This is an archived article that was published on sltrib.com in 2016, and information in the article may be outdated. It is provided only for personal research purposes and may not be reprinted.
Midvale • Standing three stories high, with more than 100 hitting bays to practice your swing, Utah's first Topgolf is hard to miss.
Yet golf is only one item that will draw guests to this entertainment venue the 27th in the U.S. when it opens Friday in Midvale.
"People come here to eat," said Seve Delgado, the national director of culinary operations, who was in Utah last week training staff.
About two-thirds of the Topgolf revenue comes from food and beverages, she said, adding that around the country more than half the guests describe themselves as "non-golfers."
It's a triple combination of sports, socializing and moderately priced food and drinks. "There's often a misconception that what we serve is concession food," Delgado said, "but they'll be pleasantly surprised."
In the Midvale kitchen, four full-time chefs and an 85-member kitchen crew will smoke meats, chop fresh vegetables and grill flat breads to order for those who come to play, said Delgado, who has worked for Topgolf for eight years and opened 21 of the last 23 Topgolf venues in the U.S. At least seven more are expected to open within the year.
During a recent preview tour for media and community leaders, Delgado said a lot of thought is put into the menu to ensure items are "game friendly." Guests need easy-to-eat items while they take turns hitting special microchipped golf balls into targets on a driving range with a clear view of the Wasatch Mountains.
The food is "fun," "sharable" and even a bit "edgy," she explained.
Take, for instance, the signature menu item: mushi, short for Mexican sushi. It's made with cilantro sticky rice, drunken beans, spiced chicken and cheddar wrapped in a jalapeño tortilla and topped with sour cream, avocado and touch of sriracha.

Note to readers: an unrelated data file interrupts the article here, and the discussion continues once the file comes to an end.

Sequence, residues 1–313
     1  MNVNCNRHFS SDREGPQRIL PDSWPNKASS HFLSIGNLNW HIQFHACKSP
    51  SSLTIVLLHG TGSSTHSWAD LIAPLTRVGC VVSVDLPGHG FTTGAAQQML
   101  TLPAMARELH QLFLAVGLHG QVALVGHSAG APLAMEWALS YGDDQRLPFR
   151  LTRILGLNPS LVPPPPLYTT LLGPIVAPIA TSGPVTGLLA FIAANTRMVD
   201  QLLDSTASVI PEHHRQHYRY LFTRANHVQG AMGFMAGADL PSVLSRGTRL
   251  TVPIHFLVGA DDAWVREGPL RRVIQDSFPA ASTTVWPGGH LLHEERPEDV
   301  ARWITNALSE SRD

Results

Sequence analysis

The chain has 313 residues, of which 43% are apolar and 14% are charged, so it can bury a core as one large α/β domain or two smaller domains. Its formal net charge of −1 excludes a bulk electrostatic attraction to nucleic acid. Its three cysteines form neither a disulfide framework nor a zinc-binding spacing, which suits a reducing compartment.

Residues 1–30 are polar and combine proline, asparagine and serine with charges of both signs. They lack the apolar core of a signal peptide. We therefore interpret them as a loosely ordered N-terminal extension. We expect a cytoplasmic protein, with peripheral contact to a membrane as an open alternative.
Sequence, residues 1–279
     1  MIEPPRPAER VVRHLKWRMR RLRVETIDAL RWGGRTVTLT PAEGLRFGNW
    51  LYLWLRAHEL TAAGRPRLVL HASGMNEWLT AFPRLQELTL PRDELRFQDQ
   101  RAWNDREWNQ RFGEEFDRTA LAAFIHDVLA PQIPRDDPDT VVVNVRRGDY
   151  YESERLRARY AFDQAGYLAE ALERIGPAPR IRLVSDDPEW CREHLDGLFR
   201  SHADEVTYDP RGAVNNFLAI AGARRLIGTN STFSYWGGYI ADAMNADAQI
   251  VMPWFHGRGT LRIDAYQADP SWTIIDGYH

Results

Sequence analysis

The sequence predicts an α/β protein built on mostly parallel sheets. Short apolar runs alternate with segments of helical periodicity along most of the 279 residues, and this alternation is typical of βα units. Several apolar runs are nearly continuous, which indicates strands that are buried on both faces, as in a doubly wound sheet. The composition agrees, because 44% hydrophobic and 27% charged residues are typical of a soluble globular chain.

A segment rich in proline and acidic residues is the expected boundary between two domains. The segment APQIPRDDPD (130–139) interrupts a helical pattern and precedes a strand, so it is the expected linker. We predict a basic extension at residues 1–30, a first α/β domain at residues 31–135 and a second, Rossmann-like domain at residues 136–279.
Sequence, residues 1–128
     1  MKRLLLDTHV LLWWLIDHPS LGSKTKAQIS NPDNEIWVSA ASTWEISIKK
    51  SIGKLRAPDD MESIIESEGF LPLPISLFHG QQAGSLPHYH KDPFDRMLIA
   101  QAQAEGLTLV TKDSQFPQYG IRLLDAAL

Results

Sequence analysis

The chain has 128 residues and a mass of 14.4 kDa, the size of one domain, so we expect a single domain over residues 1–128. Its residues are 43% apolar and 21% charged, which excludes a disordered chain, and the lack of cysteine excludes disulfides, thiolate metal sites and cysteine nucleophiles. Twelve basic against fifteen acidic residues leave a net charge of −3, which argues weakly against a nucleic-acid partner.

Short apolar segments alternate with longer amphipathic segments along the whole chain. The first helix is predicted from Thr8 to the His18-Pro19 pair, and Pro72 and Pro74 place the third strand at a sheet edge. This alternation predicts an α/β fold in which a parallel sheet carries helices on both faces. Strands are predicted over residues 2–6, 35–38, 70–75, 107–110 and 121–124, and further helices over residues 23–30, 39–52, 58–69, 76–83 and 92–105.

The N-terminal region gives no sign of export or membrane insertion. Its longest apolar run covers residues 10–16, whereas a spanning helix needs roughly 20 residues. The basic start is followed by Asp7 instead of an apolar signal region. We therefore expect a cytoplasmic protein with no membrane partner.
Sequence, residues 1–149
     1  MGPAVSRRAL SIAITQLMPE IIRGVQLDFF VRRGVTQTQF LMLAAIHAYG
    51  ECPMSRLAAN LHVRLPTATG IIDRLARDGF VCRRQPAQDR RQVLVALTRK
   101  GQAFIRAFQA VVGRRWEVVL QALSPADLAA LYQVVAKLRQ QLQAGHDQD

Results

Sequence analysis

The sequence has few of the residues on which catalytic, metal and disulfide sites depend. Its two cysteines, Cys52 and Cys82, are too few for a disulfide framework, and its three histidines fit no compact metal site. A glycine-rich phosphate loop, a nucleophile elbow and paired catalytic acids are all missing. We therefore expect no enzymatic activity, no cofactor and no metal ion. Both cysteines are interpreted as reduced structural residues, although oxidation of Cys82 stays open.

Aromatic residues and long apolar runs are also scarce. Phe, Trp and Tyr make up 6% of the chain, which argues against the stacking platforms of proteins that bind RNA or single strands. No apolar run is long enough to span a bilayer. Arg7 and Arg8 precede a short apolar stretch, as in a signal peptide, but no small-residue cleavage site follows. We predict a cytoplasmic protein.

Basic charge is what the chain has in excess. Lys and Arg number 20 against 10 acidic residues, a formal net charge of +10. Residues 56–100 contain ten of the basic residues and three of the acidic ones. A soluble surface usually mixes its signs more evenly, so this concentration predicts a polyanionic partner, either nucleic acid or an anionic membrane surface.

Wings are another favorite, pressure-fried and served with mango-habañero, Asian sesame, buffalo or barbecue sauce. In Atlanta, Topgolf guests eat 75 cases (40-pounds each) a week, said Delgado. There are sliders, hamburgers, sandwiches and salads and a Sunday brunch menu. Entrée prices range from $7 to $13.
For dessert, choices include a fruit cobbler, exclusive to the Utah menu, and warm, cinnamon-sugar doughnut holes that guests can inject with chocolate, raspberry jelly or Bavarian cream at their table.
Topgolf in Midvale also has a private bar area for those 21 and older. The company, based in Dallas, avoided the months-long wait at the Utah Department of Alcoholic Beverage Control by purchasing the dining club license directly from the owner of Salt Lake City's Fats Grill, which closed last December.
Mike Pahl, who came to the preview with wife Dolores and their two children, wasn't sure what to expect. "We're more of a football family," said Pahl. "So this is really nice for those of us who haven't golfed."
The family is likely to return soon as their 17-year-old son, Alex Lopez, thought the experience was "awesome."
"I've never golfed before," said the senior at Juan Diego Catholic High School, "and once they showed me how, I love it."
Just like bowling or darts, guests at Topgolf take turns hitting a golf ball containing a personalized microchip into one of 11 targets, ranging from 20 to 240 yards away. A reader in the target detects the microchip and computes a score based on the accuracy and distance. It sends the score to the computer screen in your individual hitting bay.
The open bays are heated so the venue can remain open 363 days a year, closing only on Thanksgiving and Christmas, said communications specialist Morgan Wallace.
Golf clubs are available on site, or you can bring your own; TopGolf's "event ambassadors" can explain how the game works and offer hitting tips.
Fifteen years ago, two brothers living in North London came up with the concept as a way to improve their game. They brought it to the U.S. in 2005. Brian Taylor, a host on Real Golf Radio in Lehi, sees the venue helping to grow the sport in Utah. "If you're not a golfer, this makes it fun," he said, adding, "It's a playground for adults and I'm a huge fan of both the venue and the doughnut holes."
Tee it up with food and friends
Utah's first Topgolf sports entertainment venue opens in Midvale, offering golf, food and socializing.
Opening day • Friday, May 20
Where • 920 Jordan River Blvd., Midvale; 801-208-2600
Hours • Daily from 9 a.m. to close. Closed Thanksgiving and Christmas.
Cost • One golf bay (up to six people each) is $25 from 9 a.m.- noon; $35, noon- 5 p.m.; and $45, 5 p.m. -close. Group prices available.
Food • Entrees $7- $13. Wine, beer and cocktails available; separate bar area for 21 and older.
Online • topgolf.com/us/salt-lake-city